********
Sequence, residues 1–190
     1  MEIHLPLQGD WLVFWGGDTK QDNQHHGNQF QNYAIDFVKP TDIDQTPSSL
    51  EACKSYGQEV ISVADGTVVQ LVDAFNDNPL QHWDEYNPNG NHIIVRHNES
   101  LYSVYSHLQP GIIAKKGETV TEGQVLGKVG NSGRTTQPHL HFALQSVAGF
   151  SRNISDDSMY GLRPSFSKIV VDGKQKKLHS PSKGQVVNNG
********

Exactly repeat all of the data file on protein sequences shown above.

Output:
Sequence, residues 1–190
     1  MEIHLPLQGD WLVFWGGDTK QDNQHHGNQF QNYAIDFVKP TDIDQTPSSL
    51  EACKSYGQEV ISVADGTVVQ LVDAFNDNPL QHWDEYNPNG NHIIVRHNES
   101  LYSVYSHLQP GIIAKKGETV TEGQVLGKVG NSGRTTQPHL HFALQSVAGF
   151  SRNISDDSMY GLRPSFSKIV VDGKQKKLHS PSKGQVVNNG